17. Self-reported vaccination in the elderly

    PubMed Central

    Reyes-Ortiz, Carlos; Borda, Miguel German; Arciniegas, Antonio

    2016-01-01

    Objectives: To determine the frequency of vaccination in older adults within the city of Bogotá and to estimate the association with sociodemographic and health factors. Methods: This is a secondary data analysis from the SABE-Bogotá Study, a cross-sectional population-based study that included a total of 2,000 persons aged 60 years. Weighted percentages for self-reported vaccination [influenza, pneumococcal, tetanus] were determined. The association between vaccination and covariates was evaluate by logistic regression models. Results: A total of 73.0% of respondents received influenza, 57.8% pneumococcal and 47.6% tetanus vaccine. Factors independently associated with vaccination included: 1- age (65-74 years had higher odds of receiving vaccinations, compared to 60-64 years); 2- socioeconomic status (SES) (higher SES had lower odds of having influenza and pneumococcal vaccines, compared to those with lower SES); 3- health insurance (those with contributive or subsidized health insurance had higher odds (between 3 and 5 times higher) of having vaccinations, compared to those with no insurance); 4- older adults with better functional status (greater Lawton scores) had increased odds for all vaccinations; 5- older adults with higher comorbidity had increased odds for influenza and pneumococcal vaccinations. Conclusion: Vaccination campaigns should be strengthened to increase vaccination coverage, especially in the group more reticent to vaccination or vulnerable to reach it such as the disabled elder. PMID:27226661

  18. Self-reported strategies in decisions under risk: role of feedback, reasoning abilities, executive functions, short-term-memory, and working memory.

    PubMed

    Schiebener, Johannes; Brand, Matthias

    2015-11-01

    In decisions under objective risk conditions information about the decision options' possible outcomes and the rules for outcomes' occurrence are provided. Thus, deciders can base decision-making strategies on probabilistic laws. In many laboratory decision-making tasks, choosing the option with the highest winning probability in all trials (=maximization strategy) is probabilistically regarded the most rational behavior. However, individuals often behave less optimal, especially in case the individuals have lower cognitive functions or in case no feedback about consequences is provided in the situation. It is still unclear which cognitive functions particularly predispose individuals for using successful strategies and which strategies profit from feedback. We investigated 195 individuals with two decision-making paradigms, the Game of Dice Task (GDT) (with and without feedback), and the Card Guessing Game. Thereafter, participants reported which strategies they had applied. Interaction effects (feedback × strategy), effect sizes, and uncorrected single group comparisons suggest that feedback in the GDT tended to be more beneficial to individuals reporting exploratory strategies (e.g., use intuition). In both tasks, the self-reported use of more principled and more rational strategies was accompanied by better decision-making performance and better performances in reasoning and executive functioning tasks. The strategy groups did not significantly differ in most short-term and working-memory tasks. Thus, particularly individual differences in reasoning and executive functions seem to predispose individuals toward particular decision-making strategies. Feedback seems to be useful for individuals who rather explore the decision-making situation instead of following a certain plan.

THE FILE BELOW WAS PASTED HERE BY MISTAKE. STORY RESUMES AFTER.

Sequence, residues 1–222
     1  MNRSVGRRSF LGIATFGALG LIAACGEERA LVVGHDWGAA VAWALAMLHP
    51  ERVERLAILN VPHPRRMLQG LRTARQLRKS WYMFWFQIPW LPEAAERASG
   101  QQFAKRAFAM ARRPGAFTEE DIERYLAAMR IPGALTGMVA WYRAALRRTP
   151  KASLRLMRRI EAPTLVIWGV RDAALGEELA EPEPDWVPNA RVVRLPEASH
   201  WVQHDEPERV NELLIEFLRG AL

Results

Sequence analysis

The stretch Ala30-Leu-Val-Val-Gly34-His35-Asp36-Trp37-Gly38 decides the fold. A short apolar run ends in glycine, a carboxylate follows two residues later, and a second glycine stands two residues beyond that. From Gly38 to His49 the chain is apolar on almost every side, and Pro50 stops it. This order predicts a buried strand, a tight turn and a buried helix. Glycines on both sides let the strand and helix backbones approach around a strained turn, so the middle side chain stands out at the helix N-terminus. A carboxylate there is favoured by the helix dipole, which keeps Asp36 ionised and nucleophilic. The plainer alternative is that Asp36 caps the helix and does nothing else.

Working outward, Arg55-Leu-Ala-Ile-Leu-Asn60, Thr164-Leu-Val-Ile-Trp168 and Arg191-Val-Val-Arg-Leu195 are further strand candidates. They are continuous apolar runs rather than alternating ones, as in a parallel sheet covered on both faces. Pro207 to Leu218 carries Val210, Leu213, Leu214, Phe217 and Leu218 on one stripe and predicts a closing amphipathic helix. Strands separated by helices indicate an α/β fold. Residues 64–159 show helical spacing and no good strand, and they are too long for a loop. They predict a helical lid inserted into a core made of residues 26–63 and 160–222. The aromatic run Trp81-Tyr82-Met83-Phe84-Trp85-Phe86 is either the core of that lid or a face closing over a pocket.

19. Obsessive-Compulsive Disorder in Adults with High-Functioning Autism Spectrum Disorder: What Does Self-Report with the OCI-R Tell Us?

    PubMed

    Cadman, Tim; Spain, Debbie; Johnston, Patrick; Russell, Ailsa; Mataix-Cols, David; Craig, Michael; Deeley, Quinton; Robertson, Dene; Murphy, Clodagh; Gillan, Nicola; Wilson, C Ellie; Mendez, Maria; Ecker, Christine; Daly, Eileen; Findon, James; Glaser, Karen; Happé, Francesca; Murphy, Declan

    2015-10-01

    Little is known about the symptom profile of obsessive-compulsive disorder (OCD) in individuals who have autism spectrum disorders (ASD). It is also unknown whether self-report questionnaires are useful in measuring OCD in ASD. We sought to describe the symptom profiles of adults with ASD, OCD, and ASD + OCD using the Obsessive Compulsive Inventory-Revised (OCI-R), and to assess the utility of the OCI-R as a screening measure in a high-functioning adult ASD sample. Individuals with ASD (n = 171), OCD (n = 108), ASD + OCD (n = 54) and control participants (n = 92) completed the OCI-R. Individuals with ASD + OCD reported significantly higher levels of obsessive-compulsive symptoms than those with ASD alone. OCD symptoms were not significantly correlated with core ASD repetitive behaviors as measured on the ADI-R or ADOS-G. The OCI-R showed good psychometric properties and corresponded well with clinician diagnosis of OCD. Receiver operating characteristic analysis suggested cut-offs for OCI-R Total and Checking scores that discriminated well between ASD + versus -OCD, and fairly well between ASD-alone and OCD-alone. OCD manifests separately from ASD and is characterized by a different profile of repetitive thoughts and behaviors. The OCI-R appears to be useful as a screening tool in the ASD adult population. © 2015 International Society for Autism Research, Wiley Periodicals, Inc.

  20. Self-reported and informant-reported memory functioning and awareness in patients with mild cognitive impairment and Alzheimer´s disease.

    PubMed